The HM Treasury document "Tax elected funds: summary of responses" and the July 2008 "Discussion Paper" can be found at funds.htm.

The Government has published a summary of responses to its discussion paper of 28 July 2008. That paper proposed a direct tax exemption for Authorised Investment Funds (AIFs), ie, UK tax resident authorised unit trusts and open-ended investment companies (see further our e-bulletin of 1 August 2008).


AIFs are currently exempt from tax on chargeable gains but are taxed on income such as interest, overseas dividends and offshore income gains. The proposal outlined in July 2008 was that whilst an AIF would remain a taxable entity, defined streams of income within an AIF, which elects to be within the proposed new regime (a "Tax Elected Fund" or "TEF") would not be taxable.

Under the original proposal, an AIF would be eligible to irrevocably elect into the TEF regime, subject to meeting specific conditions. The principal condition being that the AIF would be required to meet a similar "genuine diversity of ownership" test to that required under the existing Property Authorised Investment Fund ("PAIF") regime. A TEF would need to identify its income into different streams, according to its source (mirroring in this regard the existing PAIF and Real Estate Investment Trust regimes).

The intended effect of the proposed direct tax exemption would be to move the point of taxation from the AIF to the investor, so that an investor in a TEF would be taxed as if he owned the underlying assets directly. The Government proposals were welcomed by the industry.

Further proposals

Herbert Smith LLP and other interested parties responded to the discussion paper, and a number of the concerns raised in our e-bulletin have been addressed and considered. In summary:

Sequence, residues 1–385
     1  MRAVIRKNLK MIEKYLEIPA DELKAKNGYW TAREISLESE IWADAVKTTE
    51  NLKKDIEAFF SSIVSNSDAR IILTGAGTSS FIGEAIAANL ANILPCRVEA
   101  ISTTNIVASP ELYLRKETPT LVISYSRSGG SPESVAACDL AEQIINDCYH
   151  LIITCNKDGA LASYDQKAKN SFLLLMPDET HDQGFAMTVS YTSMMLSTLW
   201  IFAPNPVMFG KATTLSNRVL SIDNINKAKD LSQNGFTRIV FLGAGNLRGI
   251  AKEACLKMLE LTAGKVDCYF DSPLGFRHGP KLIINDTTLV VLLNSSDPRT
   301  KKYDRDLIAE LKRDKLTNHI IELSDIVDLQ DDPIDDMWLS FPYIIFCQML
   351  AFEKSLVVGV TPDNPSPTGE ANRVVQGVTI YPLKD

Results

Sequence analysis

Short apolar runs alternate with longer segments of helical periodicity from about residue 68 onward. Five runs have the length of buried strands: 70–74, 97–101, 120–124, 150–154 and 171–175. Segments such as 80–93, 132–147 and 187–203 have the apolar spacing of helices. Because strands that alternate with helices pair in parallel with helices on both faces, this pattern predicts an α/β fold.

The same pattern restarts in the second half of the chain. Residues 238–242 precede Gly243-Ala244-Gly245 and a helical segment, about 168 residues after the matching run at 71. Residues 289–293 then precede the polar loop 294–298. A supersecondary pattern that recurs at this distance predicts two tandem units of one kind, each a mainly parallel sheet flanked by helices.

• legislation will be introduced to enable a TEF to exit the regime in a future period;
  • the Government is not able to confirm whether a TEF would retain access to double taxation treaties. This would depend on the relevant treaty partner's attitude to such funds;  
  • it has been confirmed that a TEF will be required to identify its income into different 'streams' according to its source;  
  • whilst the Government believes that a TEF should provide information to allow investors to complete their self-assessment returns, it is willing to explore alternatives to the tax voucher system;  
  • the Government has rejected suggestions to remove the requirement for a TEF to distribute income each year;  
  • the Government has confirmed that all AIFs will be treated as medium or large entities for the purposes of the draft foreign dividend legislation published on 9 December 2008. Foreign dividends will therefore (subject to further reform on the issue in respect of individuals) be included in the same income 'stream' as UK dividends for TEFs;  
  • in response to the suggestion that TEFs should be allowed to receive a de minimis amount of property income, the Government has agreed to work with the industry to consider how this could be achieved;  
  • the Government intends to retain the bond fund regime and will continue to work with the industry as to how to deal with offshore income gains.  

The Government intends to publish draft regulations in early 2009 and therefore is not inviting further comments at this stage. However Sue Harper at is available for any questions regarding the proposed TEF regime.